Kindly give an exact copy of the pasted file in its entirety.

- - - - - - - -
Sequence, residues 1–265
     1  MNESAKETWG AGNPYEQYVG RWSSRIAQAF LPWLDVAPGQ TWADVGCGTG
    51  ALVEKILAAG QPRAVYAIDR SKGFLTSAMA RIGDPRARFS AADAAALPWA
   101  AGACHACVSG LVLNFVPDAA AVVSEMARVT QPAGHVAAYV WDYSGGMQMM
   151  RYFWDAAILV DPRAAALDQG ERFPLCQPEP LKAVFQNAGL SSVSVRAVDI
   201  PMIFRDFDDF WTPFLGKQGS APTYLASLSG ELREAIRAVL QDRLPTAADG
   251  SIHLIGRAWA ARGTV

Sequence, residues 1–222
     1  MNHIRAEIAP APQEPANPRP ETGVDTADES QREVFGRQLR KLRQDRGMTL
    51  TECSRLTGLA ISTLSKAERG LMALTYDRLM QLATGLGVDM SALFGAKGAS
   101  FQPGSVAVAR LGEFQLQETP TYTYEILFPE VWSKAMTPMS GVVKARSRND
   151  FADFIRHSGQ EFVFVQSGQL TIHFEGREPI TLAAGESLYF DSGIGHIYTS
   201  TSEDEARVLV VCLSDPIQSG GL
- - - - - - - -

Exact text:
Sequence, residues 1–265
     1  MNESAKETWG AGNPYEQYVG RWSSRIAQAF LPWLDVAPGQ TWADVGCGTG
    51  ALVEKILAAG QPRAVYAIDR SKGFLTSAMA RIGDPRARFS AADAAALPWA
   101  AGACHACVSG LVLNFVPDAA AVVSEMARVT QPAGHVAAYV WDYSGGMQMM
   151  RYFWDAAILV DPRAAALDQG ERFPLCQPEP LKAVFQNAGL SSVSVRAVDI
   201  PMIFRDFDDF WTPFLGKQGS APTYLASLSG ELREAIRAVL QDRLPTAADG
   251  SIHLIGRAWA ARGTV

Sequence, residues 1–222
     1  MNHIRAEIAP APQEPANPRP ETGVDTADES QREVFGRQLR KLRQDRGMTL
    51  TECSRLTGLA ISTLSKAERG LMALTYDRLM QLATGLGVDM SALFGAKGAS
   101  FQPGSVAVAR LGEFQLQETP TYTYEILFPE VWSKAMTPMS GVVKARSRND
   151  FADFIRHSGQ EFVFVQSGQL TIHFEGREPI TLAAGESLYF DSGIGHIYTS
   201  TSEDEARVLV VCLSDPIQSG GL